Final Resting Place retells the story of the start of Lincoln and Douglas’s famous, highly consequential rivalry, and it does so in a very personal context. Lincoln’s ne’er-do-well father and stepbrother appear in the novel, as do other figures from the life Lincoln thought he’d left behind when he moved to Springfield. The young Lincoln had spent years running from the indignities of his impoverished childhood and the mistakes of his itinerant young-adulthood. Now, in Final Resting Place, Lincoln’s past comes back to haunt him. You’ll have to read the novel to see if Lincoln and Speed together can solve the murder mystery in time for Lincoln to win the race against his own past.
And did I mention that Lincoln and Douglas were romantic rivals as well? A beautiful, intelligent young woman from a prominent political family in Lexington, Kentucky, was to move to Springfield in the following year, 1839. Upon her arrival in town, Mary Todd was courted assiduously by Lincoln, Speed, and Douglas, among many other Springfield bachelors. (These real-life events take place after the timeframe of Final Resting Place, but they’ll form the backdrop for my next Lincoln & Speed Mystery, A House Divided, which will be published in the summer of 2019.)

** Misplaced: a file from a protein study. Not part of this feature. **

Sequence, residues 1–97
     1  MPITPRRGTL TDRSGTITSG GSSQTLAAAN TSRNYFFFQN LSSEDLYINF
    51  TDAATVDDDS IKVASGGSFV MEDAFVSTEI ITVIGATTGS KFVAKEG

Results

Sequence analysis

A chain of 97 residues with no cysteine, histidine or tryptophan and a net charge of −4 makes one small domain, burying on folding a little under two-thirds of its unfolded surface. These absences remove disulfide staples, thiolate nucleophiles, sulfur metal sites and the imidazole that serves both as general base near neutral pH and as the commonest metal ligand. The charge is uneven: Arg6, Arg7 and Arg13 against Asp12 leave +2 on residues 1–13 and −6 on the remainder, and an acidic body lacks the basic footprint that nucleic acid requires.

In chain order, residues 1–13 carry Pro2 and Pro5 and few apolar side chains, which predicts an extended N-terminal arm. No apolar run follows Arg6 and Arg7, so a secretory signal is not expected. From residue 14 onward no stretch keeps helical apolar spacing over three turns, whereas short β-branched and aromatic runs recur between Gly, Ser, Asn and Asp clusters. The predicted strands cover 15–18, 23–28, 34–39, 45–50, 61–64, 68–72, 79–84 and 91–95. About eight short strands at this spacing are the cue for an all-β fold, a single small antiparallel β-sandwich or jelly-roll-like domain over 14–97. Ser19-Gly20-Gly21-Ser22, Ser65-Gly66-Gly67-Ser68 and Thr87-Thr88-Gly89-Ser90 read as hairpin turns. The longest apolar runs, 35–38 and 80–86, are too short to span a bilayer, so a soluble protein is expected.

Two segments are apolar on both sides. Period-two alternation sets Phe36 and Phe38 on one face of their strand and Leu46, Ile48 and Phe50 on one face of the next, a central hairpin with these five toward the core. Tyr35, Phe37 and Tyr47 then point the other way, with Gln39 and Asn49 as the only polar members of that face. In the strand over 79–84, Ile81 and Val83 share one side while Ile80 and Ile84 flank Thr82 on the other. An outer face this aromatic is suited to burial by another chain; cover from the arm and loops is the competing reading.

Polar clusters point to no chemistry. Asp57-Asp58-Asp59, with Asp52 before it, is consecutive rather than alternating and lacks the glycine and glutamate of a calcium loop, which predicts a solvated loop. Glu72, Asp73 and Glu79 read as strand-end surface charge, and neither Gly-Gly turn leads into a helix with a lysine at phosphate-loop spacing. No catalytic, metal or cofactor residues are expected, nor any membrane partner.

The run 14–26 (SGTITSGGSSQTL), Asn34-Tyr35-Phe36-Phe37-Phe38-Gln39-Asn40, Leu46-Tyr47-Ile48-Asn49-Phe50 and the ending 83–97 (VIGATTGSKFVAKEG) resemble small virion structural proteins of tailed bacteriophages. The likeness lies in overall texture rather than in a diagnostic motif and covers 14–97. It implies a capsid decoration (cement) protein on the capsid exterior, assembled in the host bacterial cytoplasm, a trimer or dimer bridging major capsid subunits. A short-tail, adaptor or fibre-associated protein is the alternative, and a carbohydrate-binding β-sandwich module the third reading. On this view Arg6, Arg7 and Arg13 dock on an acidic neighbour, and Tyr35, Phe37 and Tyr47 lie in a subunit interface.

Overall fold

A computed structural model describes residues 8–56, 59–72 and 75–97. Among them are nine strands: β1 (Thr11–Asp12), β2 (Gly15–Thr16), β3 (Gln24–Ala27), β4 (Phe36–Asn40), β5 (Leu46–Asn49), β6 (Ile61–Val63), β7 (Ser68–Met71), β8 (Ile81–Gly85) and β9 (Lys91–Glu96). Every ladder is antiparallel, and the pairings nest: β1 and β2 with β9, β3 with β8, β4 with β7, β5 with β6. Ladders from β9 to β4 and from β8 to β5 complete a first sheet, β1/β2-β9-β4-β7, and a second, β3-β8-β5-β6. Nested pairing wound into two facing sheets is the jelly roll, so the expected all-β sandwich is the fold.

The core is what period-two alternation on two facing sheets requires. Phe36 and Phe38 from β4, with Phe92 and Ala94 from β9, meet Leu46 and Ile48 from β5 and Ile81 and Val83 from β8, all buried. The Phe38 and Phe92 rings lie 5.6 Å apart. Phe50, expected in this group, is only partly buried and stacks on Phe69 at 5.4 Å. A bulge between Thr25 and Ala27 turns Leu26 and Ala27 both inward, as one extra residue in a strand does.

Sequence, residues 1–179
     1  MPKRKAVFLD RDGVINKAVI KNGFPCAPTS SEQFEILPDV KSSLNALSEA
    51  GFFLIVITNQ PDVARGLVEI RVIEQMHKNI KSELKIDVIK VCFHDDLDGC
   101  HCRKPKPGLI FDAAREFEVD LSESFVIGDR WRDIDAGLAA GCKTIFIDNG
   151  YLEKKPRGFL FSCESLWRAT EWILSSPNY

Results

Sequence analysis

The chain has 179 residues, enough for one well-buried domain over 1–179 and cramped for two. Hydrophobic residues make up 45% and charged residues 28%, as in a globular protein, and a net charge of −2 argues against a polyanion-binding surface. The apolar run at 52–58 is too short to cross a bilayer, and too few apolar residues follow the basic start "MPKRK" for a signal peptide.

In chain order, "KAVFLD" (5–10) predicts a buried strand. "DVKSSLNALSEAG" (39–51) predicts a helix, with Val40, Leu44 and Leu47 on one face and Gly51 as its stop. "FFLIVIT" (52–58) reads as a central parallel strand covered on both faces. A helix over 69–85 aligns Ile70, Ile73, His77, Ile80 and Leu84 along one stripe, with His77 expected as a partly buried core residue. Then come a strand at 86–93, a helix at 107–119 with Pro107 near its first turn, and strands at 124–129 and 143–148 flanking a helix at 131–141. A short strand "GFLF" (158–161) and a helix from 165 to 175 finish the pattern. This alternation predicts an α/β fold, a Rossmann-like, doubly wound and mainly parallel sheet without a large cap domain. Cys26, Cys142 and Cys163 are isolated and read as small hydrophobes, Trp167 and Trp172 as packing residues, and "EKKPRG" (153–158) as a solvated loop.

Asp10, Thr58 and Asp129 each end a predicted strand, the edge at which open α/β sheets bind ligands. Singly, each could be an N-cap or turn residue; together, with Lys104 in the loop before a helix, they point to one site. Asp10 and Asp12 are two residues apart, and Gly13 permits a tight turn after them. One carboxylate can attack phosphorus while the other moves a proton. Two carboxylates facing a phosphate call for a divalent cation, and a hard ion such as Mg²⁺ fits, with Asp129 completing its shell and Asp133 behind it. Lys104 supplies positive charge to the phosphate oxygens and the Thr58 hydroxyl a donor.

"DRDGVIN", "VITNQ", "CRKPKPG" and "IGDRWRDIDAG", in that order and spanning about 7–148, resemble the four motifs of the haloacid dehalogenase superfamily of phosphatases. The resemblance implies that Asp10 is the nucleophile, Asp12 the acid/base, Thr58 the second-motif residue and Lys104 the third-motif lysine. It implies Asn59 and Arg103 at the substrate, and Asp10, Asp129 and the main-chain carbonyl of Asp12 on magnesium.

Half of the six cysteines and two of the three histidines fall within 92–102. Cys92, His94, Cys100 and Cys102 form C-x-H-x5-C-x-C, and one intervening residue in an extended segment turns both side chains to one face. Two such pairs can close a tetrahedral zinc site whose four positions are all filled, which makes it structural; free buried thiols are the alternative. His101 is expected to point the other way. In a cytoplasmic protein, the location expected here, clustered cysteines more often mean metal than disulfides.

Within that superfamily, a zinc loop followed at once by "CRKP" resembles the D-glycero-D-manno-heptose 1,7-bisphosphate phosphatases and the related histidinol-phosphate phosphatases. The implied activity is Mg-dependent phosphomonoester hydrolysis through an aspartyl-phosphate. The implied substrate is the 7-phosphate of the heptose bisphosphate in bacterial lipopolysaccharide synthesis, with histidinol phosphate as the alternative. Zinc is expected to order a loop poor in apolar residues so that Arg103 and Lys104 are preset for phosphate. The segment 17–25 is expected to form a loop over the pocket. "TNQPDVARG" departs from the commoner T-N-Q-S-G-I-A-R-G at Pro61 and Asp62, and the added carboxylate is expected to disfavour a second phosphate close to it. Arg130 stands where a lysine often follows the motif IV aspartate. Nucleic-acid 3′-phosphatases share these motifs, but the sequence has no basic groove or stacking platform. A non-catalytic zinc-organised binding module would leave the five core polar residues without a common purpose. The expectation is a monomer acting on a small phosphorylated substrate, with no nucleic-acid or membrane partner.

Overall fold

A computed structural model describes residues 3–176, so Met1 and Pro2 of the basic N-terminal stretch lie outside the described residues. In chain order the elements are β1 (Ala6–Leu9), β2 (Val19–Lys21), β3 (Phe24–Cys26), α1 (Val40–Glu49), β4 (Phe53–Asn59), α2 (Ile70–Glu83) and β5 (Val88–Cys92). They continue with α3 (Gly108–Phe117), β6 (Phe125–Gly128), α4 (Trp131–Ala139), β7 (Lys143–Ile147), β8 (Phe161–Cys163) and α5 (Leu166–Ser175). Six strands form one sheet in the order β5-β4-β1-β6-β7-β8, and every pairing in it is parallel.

In fact, Douglas is said to have proposed marriage to Mary Todd. Years later, Mary told a confidante that she had turned him down with a chillingly prescient statement: “I can’t consent to be your wife. I shall become Mrs. President, or I am the victim of false prophets, but it will not be as Mrs. Douglas.” In love, as in politics and law, Lincoln and Douglas were fated to live inextricably intertwined lives.
I sometimes describe my Lincoln & Speed series as “Holmes and Watson on the American frontier,” with Lincoln playing the role of Holmes, solving mysteries that arise out of his law practice, while Speed plays the Watson role: the right-hand man, spitting and sparring partner, and the narrator of their shared adventures. More than once, I’ve been asked, “If Lincoln is Holmes, then who is Moriarty?”—the wily, resourceful archenemy, sworn to bring down the great man.
Easy, I say: Stephen Douglas.